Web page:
CRUZ: That was the result that all of us were told was impossible. Together, we have done what the pundits and the media have said could not be done.

SEN. BERNIE SANDERS (VT-I), PRESIDENTIAL CANDIDATE: The wind is at our backs. We have the momentum. I believe that when Democrats assemble in Philadelphia in July at that convention, we`re going to see the results of one of the great political upsets in the history of the United States.



MATTHEWS: Well, all of them were unbelievable. It started there with Marco Rubio and his third-place finish in Iowa, Ted Cruz, who came in behind Trump and Kasich in New Hampshire, and of course Senator Sanders after a Nevada loss, loss that was to Hillary Clinton. In fact, often, the losers this year don`t actually concede.

They get angry. Frank Bruni wrote this week about the cult of losers, describing -- quote -- "All too often, contests don`t yield accepted conclusions and a grudging acquiescence by those who didn`t get their way. They prompt accusations of the very cries of illegitimacy and a determination to neuter the victor, nullify the results or reverse them as soon as possible."

It hasn`t always been this way. What is about 2016 that everyone who is a loser sounds like a winner?

Here with me is Dana Milbank, the satirist and brilliant columnist of "The Washington Post." I think it`s satire. And Sabrina Siddiqui of "The Guardian."

Let me start with you, Dana. It seems to me that it really does start with this ridiculous inability to just say, OK, bad night, bad night.

DANA MILBANK, NATIONAL POLITICAL REPORTER, "THE WASHINGTON POST": I think it starts -- first of all, we have to blame America in general for the culture.

MATTHEWS: We`re all guilty?

MILBANK: We raise our children where everybody gets a trophy.

MATTHEWS: Oh, I know. I know.

MILBANK: It doesn`t matter what happens there.

And, of course, as usual, the media are to blame here. It`s not whether you win or lose. It`s whether you beat expectations or not. We set these expectations. In a way, Rubio and Cruz are right to say, they said this couldn`t be done. I couldn`t come in tied for third place. MATTHEWS: You can say that about we because it`s a collective statement.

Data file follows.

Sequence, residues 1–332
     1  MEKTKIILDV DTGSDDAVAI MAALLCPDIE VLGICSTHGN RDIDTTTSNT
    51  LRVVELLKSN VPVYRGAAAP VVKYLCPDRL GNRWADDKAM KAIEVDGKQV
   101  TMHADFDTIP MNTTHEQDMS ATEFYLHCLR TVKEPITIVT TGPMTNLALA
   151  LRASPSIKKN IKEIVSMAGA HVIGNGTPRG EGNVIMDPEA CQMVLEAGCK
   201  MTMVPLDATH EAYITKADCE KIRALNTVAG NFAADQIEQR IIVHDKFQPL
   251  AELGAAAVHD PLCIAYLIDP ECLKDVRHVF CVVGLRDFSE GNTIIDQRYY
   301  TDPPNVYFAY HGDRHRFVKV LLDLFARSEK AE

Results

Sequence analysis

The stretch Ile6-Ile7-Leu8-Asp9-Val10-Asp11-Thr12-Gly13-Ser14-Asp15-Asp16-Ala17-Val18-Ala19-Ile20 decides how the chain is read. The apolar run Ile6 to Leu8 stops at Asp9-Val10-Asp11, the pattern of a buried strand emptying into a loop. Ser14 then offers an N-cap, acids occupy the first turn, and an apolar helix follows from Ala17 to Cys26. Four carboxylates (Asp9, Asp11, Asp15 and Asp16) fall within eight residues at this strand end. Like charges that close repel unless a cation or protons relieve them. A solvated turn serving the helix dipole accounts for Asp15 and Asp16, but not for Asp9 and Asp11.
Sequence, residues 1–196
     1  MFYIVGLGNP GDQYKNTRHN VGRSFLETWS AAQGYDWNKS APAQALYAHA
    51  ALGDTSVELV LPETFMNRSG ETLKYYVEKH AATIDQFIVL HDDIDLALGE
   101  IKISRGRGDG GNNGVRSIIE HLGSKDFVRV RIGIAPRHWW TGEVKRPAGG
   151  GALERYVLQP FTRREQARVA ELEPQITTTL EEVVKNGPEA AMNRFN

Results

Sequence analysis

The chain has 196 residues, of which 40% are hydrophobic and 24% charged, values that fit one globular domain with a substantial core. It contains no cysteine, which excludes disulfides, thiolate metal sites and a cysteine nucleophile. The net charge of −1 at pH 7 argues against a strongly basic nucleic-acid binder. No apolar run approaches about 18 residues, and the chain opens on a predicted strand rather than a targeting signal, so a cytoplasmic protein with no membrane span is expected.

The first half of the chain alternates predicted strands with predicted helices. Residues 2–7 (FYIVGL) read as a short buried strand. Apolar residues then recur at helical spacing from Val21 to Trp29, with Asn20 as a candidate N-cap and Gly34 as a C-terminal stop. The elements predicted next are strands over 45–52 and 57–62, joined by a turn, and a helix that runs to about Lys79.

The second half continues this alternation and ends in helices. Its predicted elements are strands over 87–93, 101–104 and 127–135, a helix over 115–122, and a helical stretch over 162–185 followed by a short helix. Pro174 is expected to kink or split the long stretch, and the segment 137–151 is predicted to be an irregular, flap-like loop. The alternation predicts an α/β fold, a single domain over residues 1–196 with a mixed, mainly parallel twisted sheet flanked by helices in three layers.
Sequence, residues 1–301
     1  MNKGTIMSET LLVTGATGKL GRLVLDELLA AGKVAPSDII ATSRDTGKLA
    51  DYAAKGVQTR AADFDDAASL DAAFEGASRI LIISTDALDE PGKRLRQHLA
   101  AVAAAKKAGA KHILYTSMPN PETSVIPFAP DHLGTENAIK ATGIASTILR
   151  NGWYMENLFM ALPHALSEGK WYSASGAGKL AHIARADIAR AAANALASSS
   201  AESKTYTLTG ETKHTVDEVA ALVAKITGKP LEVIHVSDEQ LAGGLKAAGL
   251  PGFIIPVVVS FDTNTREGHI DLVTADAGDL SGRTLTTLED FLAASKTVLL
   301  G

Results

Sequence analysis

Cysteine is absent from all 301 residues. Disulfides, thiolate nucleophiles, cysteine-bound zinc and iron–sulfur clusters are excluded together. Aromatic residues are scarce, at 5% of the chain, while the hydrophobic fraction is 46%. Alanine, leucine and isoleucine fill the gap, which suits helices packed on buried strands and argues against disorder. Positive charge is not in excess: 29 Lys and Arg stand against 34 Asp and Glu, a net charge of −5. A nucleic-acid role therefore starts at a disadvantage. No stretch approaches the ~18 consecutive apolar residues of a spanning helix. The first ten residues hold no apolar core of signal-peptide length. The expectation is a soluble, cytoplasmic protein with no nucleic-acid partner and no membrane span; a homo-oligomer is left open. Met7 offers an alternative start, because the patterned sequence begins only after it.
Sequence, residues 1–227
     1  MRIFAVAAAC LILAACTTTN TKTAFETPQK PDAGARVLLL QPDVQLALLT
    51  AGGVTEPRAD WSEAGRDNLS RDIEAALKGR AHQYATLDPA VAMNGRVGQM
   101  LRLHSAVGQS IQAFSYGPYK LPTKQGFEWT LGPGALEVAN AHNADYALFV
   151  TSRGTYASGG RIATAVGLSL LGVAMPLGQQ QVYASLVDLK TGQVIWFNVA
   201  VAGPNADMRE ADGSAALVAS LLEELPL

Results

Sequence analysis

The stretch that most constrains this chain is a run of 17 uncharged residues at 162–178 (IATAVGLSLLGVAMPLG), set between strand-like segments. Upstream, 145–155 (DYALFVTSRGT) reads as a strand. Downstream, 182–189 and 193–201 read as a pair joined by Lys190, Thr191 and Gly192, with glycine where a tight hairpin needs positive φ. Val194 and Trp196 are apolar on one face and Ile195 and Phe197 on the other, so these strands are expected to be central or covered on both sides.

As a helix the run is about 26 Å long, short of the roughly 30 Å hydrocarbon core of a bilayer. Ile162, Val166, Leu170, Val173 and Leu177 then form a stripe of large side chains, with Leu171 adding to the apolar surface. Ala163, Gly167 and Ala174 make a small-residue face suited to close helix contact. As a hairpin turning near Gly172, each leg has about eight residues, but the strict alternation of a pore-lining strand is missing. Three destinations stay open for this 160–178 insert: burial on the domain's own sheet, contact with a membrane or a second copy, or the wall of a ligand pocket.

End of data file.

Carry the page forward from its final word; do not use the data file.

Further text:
But, Sabrina, I grew up in politics as a kid watching wonderful concession speeches. I saw it later as part of history. Stevenson`s, who lost to Ike, saying -- he quoted Lincoln saying, I`m too old to cry, but it hurts too much to laugh. And wonderful lines like Ed Brooke of Massachusetts saying, I didn`t cry in the mountain, I will not cry in the valley.

Emotion moments that were honest and the end of the night. You know kit was over when the guy conceded.

SABRINA SIDDIQUI, "THE GUARDIAN": I think Dana has a point.

When it comes to the modern kind of 24/7 environment, so much of campaigning, as these elections are increasingly nationalized, has to do with controlling the media narrative. And if you can create the sense of momentum, then the idea is--


MATTHEWS: Are we that stupid, that you can just give a victory speech?

SIDDIQUI: Well, the media certainly played along I think with Marco Rubio a great deal in the early states.

But also on the Republican side, there`s just been this deep-rooted denial from the outset that Donald Trump will be the nominee.

MATTHEWS: It`s still there.


SIDDIQUI: A lot of this has to do with there`s no way that Republican voters will choose Donald Trump to represent our party and we have to remain relevant and seem like we have chance to actually defeat him.

MATTHEWS: A bit of this is theater review. And that`s OK. I enjoy it.

But there`s serious business here. One thing we notice, those of us who read the papers, in developing countries, there`s a pattern. If you lose a election, it was stolen, it was corrupt, it was rigged. You never admit you lose. This is all over. And if you win, you arrest the guy you beat.